Back in the day, like when your parents were in high school, signatures were simple and short. “Bye, Tommy. Math class wouldn’t have been as much fun without you.” Love, Susie. Flash forward to the 80’s and 90’s when an entire page or pages was reserved for your best friend(s) to sign your book and you’ll see that cataloging every experience you had together was more common and what once took several class periods now took hours and even days to get all of your friends to sign your book.
While the increased usage of social media has made it easier than ever to stay in touch with your friends, there is something special about the messages that have been forever captured in your friends handwriting in your yearbook. Time and time again, you will reach for that book on your shelf and browse the pages — maybe right along side your Facebook page — to see how friends have changed, remember those who are gone and celebrate all of the things that happen after high school. But it’s those little notes that your friends left you that remain a permanent reminder of who you were in high school and what you meant to them.
So now you find yourself thinking about what you want to write in your friend’s yearbooks and you’re stumped. What can you write that won’t sound trite 10, 20 or 30 years from now. Stop overthinking and start writing. Conjur up your most favorite memories of them and go from there. Maybe something like, “I’m sorry, but it was too funny when Coach Smith gave you a hard time all day, every day. You know you deserved it. Haha! Have a great summer, dude. Get ready to gear up for football practice in a few weeks.”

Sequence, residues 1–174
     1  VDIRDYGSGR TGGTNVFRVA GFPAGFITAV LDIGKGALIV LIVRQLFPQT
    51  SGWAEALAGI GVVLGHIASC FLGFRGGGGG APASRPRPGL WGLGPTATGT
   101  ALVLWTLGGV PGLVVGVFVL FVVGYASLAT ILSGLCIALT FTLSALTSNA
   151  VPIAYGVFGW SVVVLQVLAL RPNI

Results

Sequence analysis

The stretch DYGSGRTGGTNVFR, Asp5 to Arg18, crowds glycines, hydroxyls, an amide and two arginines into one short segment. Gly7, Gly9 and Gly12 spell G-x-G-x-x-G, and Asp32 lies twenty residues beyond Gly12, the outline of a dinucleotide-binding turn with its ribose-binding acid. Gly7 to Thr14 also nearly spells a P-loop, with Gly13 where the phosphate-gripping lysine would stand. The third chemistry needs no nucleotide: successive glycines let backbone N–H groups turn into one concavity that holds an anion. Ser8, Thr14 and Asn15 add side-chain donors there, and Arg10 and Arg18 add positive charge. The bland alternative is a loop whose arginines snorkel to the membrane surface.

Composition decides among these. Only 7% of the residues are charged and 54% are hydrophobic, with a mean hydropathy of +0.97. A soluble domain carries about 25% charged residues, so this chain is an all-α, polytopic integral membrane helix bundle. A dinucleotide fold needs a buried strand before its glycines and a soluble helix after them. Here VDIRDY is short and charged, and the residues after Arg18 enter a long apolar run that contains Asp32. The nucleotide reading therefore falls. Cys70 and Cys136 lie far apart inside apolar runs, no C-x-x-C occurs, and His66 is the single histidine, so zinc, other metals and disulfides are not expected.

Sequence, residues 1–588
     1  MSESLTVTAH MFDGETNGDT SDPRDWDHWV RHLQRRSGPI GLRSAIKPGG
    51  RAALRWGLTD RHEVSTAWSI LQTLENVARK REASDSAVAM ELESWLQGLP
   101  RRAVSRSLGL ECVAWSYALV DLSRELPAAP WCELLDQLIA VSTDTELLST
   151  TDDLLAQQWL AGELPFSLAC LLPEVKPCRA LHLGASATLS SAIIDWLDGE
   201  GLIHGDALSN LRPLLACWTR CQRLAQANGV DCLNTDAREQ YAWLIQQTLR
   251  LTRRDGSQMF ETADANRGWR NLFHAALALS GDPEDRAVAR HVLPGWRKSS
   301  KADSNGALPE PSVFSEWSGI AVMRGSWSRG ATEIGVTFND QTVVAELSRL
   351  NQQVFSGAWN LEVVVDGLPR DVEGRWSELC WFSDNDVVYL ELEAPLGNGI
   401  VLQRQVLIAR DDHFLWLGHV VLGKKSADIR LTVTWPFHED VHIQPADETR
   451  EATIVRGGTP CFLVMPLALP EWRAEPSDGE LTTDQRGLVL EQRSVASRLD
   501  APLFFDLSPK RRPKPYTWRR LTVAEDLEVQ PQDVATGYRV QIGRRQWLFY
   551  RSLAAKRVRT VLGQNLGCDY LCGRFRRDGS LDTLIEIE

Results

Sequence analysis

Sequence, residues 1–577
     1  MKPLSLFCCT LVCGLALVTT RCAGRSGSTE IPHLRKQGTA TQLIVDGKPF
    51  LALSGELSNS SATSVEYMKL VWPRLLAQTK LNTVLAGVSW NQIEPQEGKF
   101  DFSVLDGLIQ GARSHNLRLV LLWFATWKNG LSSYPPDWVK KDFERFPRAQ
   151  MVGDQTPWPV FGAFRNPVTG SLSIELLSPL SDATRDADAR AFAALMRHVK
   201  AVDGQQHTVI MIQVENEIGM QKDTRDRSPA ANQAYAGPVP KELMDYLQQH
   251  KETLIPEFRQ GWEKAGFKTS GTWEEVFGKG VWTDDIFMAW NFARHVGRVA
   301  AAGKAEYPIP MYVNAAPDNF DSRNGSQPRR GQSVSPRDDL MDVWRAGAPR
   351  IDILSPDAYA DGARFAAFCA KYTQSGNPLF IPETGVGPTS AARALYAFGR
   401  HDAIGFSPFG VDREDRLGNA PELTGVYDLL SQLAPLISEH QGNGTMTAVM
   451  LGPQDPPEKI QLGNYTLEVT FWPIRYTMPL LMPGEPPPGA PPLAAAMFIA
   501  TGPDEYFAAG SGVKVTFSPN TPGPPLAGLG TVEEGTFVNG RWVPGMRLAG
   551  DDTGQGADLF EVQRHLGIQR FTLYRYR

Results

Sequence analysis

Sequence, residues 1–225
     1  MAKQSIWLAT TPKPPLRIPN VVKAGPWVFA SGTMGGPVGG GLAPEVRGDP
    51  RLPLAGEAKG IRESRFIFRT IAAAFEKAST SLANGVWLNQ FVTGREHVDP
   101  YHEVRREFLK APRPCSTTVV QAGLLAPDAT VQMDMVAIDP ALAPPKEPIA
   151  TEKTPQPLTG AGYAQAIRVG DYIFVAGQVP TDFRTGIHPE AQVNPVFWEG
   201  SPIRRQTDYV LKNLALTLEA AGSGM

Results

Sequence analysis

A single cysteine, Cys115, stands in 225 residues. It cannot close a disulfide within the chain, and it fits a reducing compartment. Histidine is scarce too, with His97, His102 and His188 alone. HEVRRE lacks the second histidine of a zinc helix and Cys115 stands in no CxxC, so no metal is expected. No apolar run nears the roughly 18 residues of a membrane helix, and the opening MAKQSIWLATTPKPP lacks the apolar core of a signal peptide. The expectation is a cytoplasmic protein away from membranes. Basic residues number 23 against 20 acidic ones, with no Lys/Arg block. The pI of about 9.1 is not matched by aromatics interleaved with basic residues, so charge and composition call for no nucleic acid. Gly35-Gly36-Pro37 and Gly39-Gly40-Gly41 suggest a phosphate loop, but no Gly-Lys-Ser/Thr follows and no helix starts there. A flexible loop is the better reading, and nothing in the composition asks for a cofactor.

If you’re truly stumped, give these suggestions a try.
Yearbook Messages to your…
What NOT to write in your friend’s yearbooks
It should go without saying, but just in case you are forgetful, it’s important to remember that other people, i.e. parents, grandparents, siblings, etc. may be reading what you wrote in your friends’s books so use good common sense so that they aren’t offended at what you wrote about their loved one. No one will appreciate the use of any profanity or “inside jokes” that are inappropriate.
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